Oklahoma: March 2009 Archives

Red Dirt Report has a story about the recent debate in Muskogee between Oklahoma Republican Party Chairman Gary Jones and Vice Chairman Cheryl Williams, who is running to unseat Jones. Muskogee Politico has the video of the debate.

Gary Jones was first elected chairman in 2002, after Chad Alexander's resignation. Gary had come close to beating Jeff McMahan in 2002 for State Auditor, and he saw how the GOP's urban and suburban approach to state issues hurt the party in rural Oklahoma. That motivated him to run for chairman. Jones was re-elected to a full term in 2003 and 2005, resigned in 2006 to run again for State Auditor, then reclaimed the chairmanship in 2007 in a three-way race.

Since 2002, Jones has implemented a successful strategy to recruit and elect Republican candidates to the legislature and county office in parts of the state where, just a few decades before, you wouldn't even find a Republican running for office. Term limits helped, to be sure, but Republicans still had to put forward good candidates and get their message to the voters.

In 2004 and 2008, Jones instituted the 72-hour Task Force get-out-the-vote effort in Oklahoma. The result both years was all 77 counties voting for the Republican presidential nominee, big wins for the U. S. Senate candidate, and gains in the state legislature -- winning the State Senate in 2008 for the first time in Oklahoma history.

Jones fell short in his second run for auditor, but in the process he helped the FBI uncover evidence that led to Jeff McMahan's Federal conviction for "conspiracy to commit 'dishonest public service mail fraud' and [for] racketeering through illicit interstate travel." McMahan reported to Federal prison on Friday. Here is Jones's summary of the scandal involving McMahan, Mike Mass, Gene Stipe, and Steve Phipps.

Under Jones's leadership, the Oklahoma Republican Party has had great success and is poised to regain the governorship and statewide offices.

I don't want to say too much about his opponent, Cheryl Williams. I first encountered her in 1999, when I served as parliamentarian to the state platform committee. My recollection is that Williams, not a member of the committee that year, stormed in to demand a hearing for a resolution, bypassing the normal process. She did not make a good first impression on me; it wasn't what she was doing as much as the attitude with which she did it.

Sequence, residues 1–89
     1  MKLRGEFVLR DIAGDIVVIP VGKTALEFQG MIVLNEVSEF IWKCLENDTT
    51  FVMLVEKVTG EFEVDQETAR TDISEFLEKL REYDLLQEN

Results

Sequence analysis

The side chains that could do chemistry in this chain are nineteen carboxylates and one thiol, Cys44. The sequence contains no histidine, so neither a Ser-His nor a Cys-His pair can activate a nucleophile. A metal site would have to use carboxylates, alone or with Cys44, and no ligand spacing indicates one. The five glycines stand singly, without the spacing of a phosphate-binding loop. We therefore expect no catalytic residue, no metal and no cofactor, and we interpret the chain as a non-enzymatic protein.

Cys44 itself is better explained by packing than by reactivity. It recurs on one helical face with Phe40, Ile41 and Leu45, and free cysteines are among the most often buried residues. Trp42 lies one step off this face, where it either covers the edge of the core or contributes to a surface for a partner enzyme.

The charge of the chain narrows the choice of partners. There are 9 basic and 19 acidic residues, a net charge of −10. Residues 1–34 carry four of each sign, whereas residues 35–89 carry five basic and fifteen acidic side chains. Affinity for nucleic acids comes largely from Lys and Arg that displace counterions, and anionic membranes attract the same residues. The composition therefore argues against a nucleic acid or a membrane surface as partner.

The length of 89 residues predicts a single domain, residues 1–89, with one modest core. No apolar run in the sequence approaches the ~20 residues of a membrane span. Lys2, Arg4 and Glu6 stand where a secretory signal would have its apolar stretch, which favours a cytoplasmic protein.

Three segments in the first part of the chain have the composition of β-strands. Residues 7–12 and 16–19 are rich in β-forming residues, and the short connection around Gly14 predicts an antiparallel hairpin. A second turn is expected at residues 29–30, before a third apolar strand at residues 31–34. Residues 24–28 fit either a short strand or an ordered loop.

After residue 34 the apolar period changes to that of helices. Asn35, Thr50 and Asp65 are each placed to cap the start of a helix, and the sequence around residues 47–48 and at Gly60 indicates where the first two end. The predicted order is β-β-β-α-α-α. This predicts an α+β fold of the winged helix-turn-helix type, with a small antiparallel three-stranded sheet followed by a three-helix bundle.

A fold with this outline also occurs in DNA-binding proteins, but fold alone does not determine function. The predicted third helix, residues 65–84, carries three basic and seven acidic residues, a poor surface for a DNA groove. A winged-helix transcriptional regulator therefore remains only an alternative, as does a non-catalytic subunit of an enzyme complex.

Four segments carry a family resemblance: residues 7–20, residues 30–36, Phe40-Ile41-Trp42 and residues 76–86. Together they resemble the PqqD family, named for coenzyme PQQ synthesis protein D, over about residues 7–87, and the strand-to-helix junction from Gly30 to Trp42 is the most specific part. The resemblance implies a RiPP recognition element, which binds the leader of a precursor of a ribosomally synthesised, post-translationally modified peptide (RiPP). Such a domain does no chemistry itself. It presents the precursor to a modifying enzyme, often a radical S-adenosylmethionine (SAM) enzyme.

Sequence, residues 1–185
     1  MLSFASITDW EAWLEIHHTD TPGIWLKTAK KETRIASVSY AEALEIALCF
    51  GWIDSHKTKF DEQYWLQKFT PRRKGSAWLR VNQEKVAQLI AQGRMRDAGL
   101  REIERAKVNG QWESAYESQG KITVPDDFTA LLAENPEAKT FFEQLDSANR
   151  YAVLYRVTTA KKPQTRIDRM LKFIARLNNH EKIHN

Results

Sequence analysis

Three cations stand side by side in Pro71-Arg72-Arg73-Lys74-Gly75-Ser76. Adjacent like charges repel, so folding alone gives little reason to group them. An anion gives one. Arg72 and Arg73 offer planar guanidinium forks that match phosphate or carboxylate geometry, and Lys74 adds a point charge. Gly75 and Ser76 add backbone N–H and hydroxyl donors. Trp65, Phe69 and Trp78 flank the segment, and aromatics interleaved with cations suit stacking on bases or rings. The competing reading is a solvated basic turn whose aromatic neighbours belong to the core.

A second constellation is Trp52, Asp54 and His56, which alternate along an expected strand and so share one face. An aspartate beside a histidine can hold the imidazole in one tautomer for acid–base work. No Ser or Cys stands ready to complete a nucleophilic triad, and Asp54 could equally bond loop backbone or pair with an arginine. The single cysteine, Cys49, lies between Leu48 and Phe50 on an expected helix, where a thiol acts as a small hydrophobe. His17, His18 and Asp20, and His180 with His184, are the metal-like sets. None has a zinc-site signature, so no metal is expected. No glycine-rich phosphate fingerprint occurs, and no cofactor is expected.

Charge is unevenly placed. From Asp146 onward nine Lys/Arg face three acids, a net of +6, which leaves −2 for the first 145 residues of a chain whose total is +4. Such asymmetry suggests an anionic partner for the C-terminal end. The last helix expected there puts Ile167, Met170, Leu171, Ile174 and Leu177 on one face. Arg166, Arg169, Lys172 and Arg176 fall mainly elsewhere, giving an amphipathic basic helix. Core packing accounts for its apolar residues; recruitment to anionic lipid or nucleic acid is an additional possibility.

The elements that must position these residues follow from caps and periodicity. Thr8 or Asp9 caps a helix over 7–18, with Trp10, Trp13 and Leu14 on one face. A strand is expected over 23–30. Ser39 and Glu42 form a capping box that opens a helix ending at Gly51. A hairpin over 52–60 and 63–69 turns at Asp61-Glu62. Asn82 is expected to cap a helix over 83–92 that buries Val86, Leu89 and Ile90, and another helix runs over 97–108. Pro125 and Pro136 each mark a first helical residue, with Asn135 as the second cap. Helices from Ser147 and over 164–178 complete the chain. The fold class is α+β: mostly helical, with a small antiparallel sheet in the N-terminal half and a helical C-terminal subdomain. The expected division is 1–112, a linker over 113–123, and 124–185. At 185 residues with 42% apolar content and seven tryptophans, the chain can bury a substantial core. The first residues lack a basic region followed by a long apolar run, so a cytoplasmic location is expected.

Perhaps the best way to describe Cheryl Williams is as the Hyacinth Bucket of the Oklahoma Republican Party. I know many party activists who have worked with her and dread ever having to do so again. I was stunned when she beat Dana Murphy in 2007 for vice chairman; I couldn't imagine that party activists would want to deal with Williams for the next two years. I believe Murphy, the incumbent, was defeated by her own diligence -- she put all her effort into planning the convention and making sure it was successful, while Williams focused on lobbying delegates for their votes.

But it really doesn't matter who is running against Gary Jones. Here is a state chairman with a solid record of conservative principle and electoral achievement. The Oklahoma Republican Party is fortunate that he is willing to continue in this role, and we ought to re-elect him on April 18.

Snow fun whatsoever

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I haven't uploaded our March 28 snow day photos yet, but Don Danz has posted photos of his snowman construction effort with his boys, which was followed by a snowball fight. A follow-up entry shows what happens to a snowman in Oklahoma in March when you forget to give him a magic silk hat.

Meanwhile, way out in western Oklahoma, Sarah the Brit Gal has pictures of the considerably greater amount of snow that was dumped on them: First the blizzard in progress Friday afternoon, the snow as of midnight, what 25 inches of snow looks like, the yard and the road to town, a snow ice cream recipe, and Sunday's dig out and thaw in 72 degree weather. Sarah writes, "England you have no idea what bad snow is - OMG!"

MORE: David Schuttler has some great photos and video of the snow in Tulsa.

Oklahoma City taxpayers raised their sales tax rate to build a new state-of-the-art arena and renovate their convention center (the Myriad -- rechristened as the Cox Convention Center). The same tax built a new baseball park and a canal. A later incarnation of the same tax was used to revamp the barely-five-year-old arena to accommodate the whims of a small number of freakishly tall millionaires.

Surely all that public investment is sufficient to stimulate private investment. Surely free enterprise can handle things from here.

Not according to a consultant hired by the Greater Oklahoma City Chamber of Commerce:

Oklahoma City is faring well as a conference destination, but its convention center is inadequate and must be replaced if the city is to remain competitive, according to a study commissioned by the Greater Oklahoma City Chamber.

The study by Conventions, Sports & Leisure International, released today, suggests that replacing the 38-year-old Cox Convention Center will cost between $250 million and $400 million.

Mayor Mick Cornett has suggested for the past two years that any MAPS 3 should include a new convention center as a priority project. That call is being joined by the Greater Oklahoma City Chamber.

No matter how much the taxpayers give them, it's never enough.

About this Archive

This page is a archive of entries in the Oklahoma category from March 2009.

Oklahoma: August 2008 is the previous archive.

Oklahoma: April 2009 is the next archive.

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